Sometimes, if a doctor delays in diagnosing breast cancer this can mean that the cancer has the opportunity to spread. This sort of misdiagnosis of breast cancer can cause serious levels of suffering, and even has the potential to be fatal for the patient concerned.

If you, or a loved one, has experienced any delay in breast cancer diagnosis which has led to some sort of injury, get in touch with a specialist solicitor as soon as possible to find out whether you have fallen victim to medical negligence. If a medical professional has not identified symptoms of breast cancer or has failed to refer you for further tests then they might have given you a below standard level of care. If this is the case, then you will have grounds for putting forward a claim for medical negligence compensation.

Thinking of a Breast Cancer Misdiagnosis Claim? Call our specialists today

Our expert Medical Negligence team can help you recover the compensation you are entitled to.

We offer FREE initial phone advice, a FREE first appointment and no win no fee arrangements for medical error claims – so you don’t have to worry about paying legal bills

  • Call our team now on FREEPHONE 0800 1404544 today for a FREE initial phone consultation OR
  • Fill out the enquiry form below

    Antibiotics Prescribed More Often in Afternoon Clinics

    According to a recent study, doctors are much more likely to wrongly prescribe antibiotics later in the day due to tiredness. The study found that family doctors become “worn down” by having to make a series of decisions through the day, and that by late afternoon they were far more likely to dish out antibiotics for respiratory infections than during morning appointments.

    Researchers adjusted the study to make allowances for different types of patients, the end diagnosis and even the individual doctor, but it was still shown that doctors were more likely to give antibiotics as the day progressed.

    These findings were published in JAMA Internal Medicine [ the peer-reviewed medical journal published twice a month by the American Medical Association]. The study was done by looking at 21,000 visits by adults to their GP surgery during morning (8am to 12 noon) and afternoon (1pm to 5pm) sessions. The study looked at data from 23 different primary care practices over almost a year and a half.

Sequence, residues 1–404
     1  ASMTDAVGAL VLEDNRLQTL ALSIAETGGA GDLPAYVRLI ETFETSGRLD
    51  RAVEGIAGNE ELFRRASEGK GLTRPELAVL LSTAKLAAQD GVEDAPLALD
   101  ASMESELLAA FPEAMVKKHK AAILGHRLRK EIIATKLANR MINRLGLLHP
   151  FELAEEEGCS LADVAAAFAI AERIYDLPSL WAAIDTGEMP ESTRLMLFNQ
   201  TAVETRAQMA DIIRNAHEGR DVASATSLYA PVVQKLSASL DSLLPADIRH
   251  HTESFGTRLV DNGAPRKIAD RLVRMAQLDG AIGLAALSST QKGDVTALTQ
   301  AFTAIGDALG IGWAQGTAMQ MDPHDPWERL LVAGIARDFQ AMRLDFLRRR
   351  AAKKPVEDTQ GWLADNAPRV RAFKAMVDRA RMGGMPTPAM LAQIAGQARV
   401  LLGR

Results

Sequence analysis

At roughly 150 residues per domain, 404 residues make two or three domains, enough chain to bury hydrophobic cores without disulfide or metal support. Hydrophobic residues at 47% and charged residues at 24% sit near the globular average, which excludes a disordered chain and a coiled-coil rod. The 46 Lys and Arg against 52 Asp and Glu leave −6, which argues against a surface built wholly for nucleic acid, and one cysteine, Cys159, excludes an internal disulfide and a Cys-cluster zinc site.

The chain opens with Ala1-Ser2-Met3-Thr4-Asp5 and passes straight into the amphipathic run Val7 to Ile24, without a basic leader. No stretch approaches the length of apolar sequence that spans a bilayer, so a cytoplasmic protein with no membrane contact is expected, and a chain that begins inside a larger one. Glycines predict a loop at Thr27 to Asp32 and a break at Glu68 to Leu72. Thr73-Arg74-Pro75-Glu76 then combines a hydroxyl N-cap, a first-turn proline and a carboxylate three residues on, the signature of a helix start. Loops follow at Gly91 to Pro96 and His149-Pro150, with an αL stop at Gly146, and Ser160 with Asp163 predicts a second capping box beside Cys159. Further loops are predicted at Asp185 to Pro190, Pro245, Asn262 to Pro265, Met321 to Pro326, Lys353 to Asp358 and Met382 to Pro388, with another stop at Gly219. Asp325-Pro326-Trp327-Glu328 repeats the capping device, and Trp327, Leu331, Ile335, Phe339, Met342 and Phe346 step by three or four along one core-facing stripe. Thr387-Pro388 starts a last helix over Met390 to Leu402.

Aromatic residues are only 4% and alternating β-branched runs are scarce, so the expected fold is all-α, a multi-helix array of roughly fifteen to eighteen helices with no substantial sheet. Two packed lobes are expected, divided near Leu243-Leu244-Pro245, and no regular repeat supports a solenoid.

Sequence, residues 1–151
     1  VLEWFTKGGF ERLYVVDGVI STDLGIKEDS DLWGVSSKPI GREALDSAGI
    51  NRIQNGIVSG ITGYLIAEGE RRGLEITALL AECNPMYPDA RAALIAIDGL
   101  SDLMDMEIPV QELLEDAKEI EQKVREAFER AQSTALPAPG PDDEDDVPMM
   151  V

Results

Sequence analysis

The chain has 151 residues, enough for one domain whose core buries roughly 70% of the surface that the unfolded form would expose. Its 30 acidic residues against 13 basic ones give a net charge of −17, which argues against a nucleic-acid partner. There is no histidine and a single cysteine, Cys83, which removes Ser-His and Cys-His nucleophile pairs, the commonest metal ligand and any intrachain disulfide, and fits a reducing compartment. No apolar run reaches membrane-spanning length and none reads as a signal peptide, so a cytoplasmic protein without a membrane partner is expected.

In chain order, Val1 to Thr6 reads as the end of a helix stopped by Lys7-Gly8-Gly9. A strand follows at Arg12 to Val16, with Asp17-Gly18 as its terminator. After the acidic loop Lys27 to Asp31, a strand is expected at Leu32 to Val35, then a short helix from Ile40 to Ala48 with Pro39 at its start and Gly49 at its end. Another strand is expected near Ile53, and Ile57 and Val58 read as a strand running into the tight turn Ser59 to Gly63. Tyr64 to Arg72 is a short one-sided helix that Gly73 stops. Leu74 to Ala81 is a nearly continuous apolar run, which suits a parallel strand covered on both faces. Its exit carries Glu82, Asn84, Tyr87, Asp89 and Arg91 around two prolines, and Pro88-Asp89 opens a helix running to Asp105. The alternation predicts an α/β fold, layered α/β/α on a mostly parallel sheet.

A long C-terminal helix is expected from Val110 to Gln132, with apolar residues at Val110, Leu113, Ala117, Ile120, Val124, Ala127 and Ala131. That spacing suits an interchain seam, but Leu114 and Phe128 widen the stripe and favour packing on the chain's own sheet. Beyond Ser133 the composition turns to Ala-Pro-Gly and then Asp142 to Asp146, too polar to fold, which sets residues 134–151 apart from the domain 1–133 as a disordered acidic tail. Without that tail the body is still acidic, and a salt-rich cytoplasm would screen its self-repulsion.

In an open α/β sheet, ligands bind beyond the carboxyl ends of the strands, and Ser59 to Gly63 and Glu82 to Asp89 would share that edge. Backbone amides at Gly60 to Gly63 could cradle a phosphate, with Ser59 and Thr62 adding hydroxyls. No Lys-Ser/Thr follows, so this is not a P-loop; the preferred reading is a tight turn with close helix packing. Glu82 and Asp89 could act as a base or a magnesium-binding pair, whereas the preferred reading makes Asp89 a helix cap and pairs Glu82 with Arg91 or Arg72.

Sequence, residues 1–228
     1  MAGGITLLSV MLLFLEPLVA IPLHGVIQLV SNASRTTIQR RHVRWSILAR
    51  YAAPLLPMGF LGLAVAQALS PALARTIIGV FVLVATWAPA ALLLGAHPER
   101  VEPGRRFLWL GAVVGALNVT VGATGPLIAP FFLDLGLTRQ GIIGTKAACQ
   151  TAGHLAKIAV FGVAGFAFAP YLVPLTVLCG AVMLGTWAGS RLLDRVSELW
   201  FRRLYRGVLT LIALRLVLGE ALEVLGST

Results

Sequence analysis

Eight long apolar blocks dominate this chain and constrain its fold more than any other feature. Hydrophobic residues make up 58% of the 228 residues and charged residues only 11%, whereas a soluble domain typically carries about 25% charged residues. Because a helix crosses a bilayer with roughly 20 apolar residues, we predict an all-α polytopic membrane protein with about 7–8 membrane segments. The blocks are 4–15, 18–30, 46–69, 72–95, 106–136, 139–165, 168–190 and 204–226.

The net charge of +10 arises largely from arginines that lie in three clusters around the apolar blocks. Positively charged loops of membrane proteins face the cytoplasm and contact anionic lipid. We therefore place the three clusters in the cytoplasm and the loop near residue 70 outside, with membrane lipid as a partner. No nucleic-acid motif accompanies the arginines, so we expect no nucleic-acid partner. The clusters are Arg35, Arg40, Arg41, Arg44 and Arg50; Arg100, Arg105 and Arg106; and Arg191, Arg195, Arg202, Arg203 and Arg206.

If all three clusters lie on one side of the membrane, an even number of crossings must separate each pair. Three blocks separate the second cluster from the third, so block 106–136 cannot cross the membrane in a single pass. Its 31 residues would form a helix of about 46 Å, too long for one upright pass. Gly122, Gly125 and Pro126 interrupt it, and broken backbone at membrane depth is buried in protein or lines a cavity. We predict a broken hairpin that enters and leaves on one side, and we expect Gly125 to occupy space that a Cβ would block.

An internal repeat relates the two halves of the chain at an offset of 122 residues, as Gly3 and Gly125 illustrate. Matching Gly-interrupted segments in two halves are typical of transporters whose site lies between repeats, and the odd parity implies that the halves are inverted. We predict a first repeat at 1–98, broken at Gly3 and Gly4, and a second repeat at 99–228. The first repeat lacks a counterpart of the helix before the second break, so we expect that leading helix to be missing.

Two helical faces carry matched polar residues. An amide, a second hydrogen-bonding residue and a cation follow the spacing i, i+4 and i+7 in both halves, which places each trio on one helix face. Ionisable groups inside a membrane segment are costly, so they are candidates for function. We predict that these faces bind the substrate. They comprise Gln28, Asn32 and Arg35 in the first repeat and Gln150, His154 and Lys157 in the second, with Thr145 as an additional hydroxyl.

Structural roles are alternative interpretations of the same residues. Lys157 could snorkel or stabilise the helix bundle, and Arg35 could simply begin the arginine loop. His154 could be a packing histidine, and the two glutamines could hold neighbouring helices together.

Doctors are continuing to prescribe more and more antibiotics despite worries that over-prescribing is fuelling the growth of superbugs which could prove dangerous in the future for patients undergoing routine medical treatments and procedures. In some areas of the UK, doctors are prescribing twice as many antibiotics than those in other areas.

    Many GPs have confessed to giving patients antibiotics to “get rid of them” or to deal with over-anxious parents. The UK government has set up a taskforce to look at the growing resistance to antibiotics and might investigate each practice’s prescribing rates.

    The research seems to prove that GPs get “worn down” during their working day, and by afternoon, antibiotic prescribing was on the rise. The data showed that around 5% more patients were getting antibiotics at the end of a clinic compared with earlier and researchers also suggest a number of ways around this, such as looking at clinic schedules, making sessions shorter and giving doctors more breaks or snacks.